I tell the following particulars, as nearly as I can recollect them, in the words of the narrator. It may be necessary to observe that he was what is termed a well-spoken man, having for a considerable time instructed the ingenious youth of his native parish in such of the liberal arts and sciences as he found it convenient to profess–a circumstance which may account for the occurrence of several big words in the course of this narrative, more distinguished for euphonious effect than for correctness of application. I proceed then, without further preface, to lay before you the wonderful adventures of Terry Neil.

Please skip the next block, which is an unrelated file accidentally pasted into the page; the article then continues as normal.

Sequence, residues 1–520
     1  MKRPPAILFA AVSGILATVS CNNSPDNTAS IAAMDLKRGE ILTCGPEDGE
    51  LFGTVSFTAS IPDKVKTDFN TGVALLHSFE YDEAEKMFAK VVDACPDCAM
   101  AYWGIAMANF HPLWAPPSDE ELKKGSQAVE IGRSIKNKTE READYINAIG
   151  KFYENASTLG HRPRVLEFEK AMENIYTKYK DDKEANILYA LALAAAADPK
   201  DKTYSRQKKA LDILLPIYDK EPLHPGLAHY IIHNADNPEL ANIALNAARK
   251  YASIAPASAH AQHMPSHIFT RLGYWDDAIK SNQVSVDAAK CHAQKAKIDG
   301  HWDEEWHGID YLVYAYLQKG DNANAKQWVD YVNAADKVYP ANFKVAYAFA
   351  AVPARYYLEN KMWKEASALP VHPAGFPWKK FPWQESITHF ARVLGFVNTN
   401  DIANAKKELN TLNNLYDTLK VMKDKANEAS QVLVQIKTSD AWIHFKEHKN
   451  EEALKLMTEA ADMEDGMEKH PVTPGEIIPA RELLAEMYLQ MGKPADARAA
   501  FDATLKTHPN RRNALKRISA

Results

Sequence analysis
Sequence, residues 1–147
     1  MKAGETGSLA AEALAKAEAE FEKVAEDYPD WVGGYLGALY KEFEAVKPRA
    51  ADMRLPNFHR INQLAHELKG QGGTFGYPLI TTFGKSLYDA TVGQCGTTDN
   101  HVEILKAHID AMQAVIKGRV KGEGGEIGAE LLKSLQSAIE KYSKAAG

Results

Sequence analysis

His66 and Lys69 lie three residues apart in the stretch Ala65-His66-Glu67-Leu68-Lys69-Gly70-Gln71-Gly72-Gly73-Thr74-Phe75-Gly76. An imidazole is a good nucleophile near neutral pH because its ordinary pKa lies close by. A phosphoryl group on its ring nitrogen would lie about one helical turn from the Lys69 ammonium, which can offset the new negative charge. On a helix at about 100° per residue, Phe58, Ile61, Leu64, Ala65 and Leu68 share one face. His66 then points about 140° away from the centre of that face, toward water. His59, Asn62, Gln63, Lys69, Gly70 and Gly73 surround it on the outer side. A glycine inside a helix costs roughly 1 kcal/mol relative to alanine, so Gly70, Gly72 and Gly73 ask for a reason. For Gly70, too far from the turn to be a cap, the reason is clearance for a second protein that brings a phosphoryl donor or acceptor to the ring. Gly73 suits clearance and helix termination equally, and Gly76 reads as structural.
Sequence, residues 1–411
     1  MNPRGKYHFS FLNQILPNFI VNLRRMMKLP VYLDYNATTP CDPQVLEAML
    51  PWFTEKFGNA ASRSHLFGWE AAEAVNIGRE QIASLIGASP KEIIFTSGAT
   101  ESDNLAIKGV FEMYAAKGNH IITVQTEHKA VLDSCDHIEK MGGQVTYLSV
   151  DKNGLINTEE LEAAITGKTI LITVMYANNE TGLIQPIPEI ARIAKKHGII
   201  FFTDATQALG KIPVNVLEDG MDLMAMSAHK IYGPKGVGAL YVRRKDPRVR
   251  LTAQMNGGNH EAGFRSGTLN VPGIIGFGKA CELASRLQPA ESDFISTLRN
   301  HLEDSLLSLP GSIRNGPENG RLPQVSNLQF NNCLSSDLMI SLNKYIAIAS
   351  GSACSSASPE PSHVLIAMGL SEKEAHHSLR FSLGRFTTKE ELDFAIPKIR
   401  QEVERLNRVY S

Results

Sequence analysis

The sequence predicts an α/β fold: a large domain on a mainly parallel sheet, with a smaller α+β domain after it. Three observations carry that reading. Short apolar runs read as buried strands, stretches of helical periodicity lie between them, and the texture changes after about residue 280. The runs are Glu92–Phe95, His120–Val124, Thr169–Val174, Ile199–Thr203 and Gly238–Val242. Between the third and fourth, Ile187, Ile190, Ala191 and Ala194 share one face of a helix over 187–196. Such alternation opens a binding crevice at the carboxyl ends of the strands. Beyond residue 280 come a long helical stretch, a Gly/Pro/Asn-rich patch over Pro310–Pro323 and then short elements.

‘Why, thin, ’tis a quare story, an’ as thrue as you’re sittin’ there; and I’d make bould to say there isn’t a boy in the seven parishes could tell it better nor crickther than myself, for ’twas my father himself it happened to, an’ many’s the time I heerd it out iv his own mouth; an’ I can say, an’ I’m proud av that same, my father’s word was as incredible as any squire’s oath in the counthry; and so signs an’ if a poor man got into any unlucky throuble, he was the boy id go into the court an’ prove; but that doesn’t signify–he was as honest and as sober a man, barrin’ he was a little bit too partial to the glass, as you’d find in a day’s walk; an’ there wasn’t the likes of him in the counthry round for nate labourin’ an’ baan diggin’; and he was mighty handy entirely for carpenther’s work, and men din’ ould spudethrees, an’ the likes i’ that. An’ so he tuk up with bone-settin’, as was most nathural, for none of them could come up to him in mendin’ the leg iv a stool or a table; an’ sure, there never was a bone-setter got so much custom-man an’ child, young an’ ould–there never was such breakin’ and mendin’ of bones known in the memory of man. Well, Terry Neil–for that was my father’s name–began to feel his heart growin’ light, and his purse heavy; an’ he took a bit iv a farm in Squire Phelim’s ground, just undher the ould castle, an’ a pleasant little spot it was; an’ day an’ mornin’ poor crathurs not able to put a foot to the ground, with broken arms and broken legs, id be comin’ ramblin’ in from all quarters to have their bones spliced up. Well, yer honour, all this was as well as well could be; but it was customary when Sir Phelim id go anywhere out iv the country, for some iv the tinants to sit up to watch in the ould castle, just for a kind of compliment to the ould family–an’ a mighty unplisant compliment it was for the tinants, for there wasn’t a man of them but knew there was something quare about the ould castle. The neighbours had it, that the squire’s ould grandfather, as good a gintlenlan–God be with him–as I heer’d, as ever stood in shoe-leather, used to keep walkin’ about in the middle iv the night, ever sinst he bursted a blood vessel pullin’ out a cork out iv a bottle, as you or I might be doin’, and will too, plase God–but that doesn’t signify. So, as I was sayin’, the ould squire used to come down out of the frame, where his picthur was hung up, and to break the bottles and glasses–God be marciful to us all–an’ dthrink all he could come at–an’ small blame to him for that same; and then if any of the family id be comin’ in, he id be up again in his place, looking as quite an’ as innocent as if he didn’t know anything about it–the mischievous ould chap